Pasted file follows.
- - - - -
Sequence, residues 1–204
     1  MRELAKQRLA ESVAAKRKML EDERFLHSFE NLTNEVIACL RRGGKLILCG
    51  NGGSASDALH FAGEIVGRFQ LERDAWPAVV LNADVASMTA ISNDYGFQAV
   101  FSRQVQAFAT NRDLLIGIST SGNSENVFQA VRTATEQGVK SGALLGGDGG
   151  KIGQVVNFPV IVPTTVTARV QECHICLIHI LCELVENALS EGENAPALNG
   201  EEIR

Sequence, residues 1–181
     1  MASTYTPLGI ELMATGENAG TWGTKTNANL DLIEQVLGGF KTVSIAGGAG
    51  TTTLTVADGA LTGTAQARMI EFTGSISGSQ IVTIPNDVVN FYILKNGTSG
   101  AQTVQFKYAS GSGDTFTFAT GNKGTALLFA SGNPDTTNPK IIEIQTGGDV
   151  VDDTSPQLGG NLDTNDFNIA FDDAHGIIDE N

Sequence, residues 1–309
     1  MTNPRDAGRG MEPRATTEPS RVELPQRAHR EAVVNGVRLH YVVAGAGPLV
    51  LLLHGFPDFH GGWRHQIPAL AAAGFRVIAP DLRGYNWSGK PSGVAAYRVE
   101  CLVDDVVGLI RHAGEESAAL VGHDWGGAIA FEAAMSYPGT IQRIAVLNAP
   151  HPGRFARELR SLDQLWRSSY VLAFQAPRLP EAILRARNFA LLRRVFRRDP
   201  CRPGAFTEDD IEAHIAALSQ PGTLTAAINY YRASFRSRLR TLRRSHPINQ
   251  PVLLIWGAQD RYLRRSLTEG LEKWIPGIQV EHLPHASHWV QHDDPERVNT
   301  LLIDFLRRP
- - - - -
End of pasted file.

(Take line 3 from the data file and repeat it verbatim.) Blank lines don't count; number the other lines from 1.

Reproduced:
    51  NGGSASDALH FAGEIVGRFQ LERDAWPAVV LNADVASMTA ISNDYGFQAV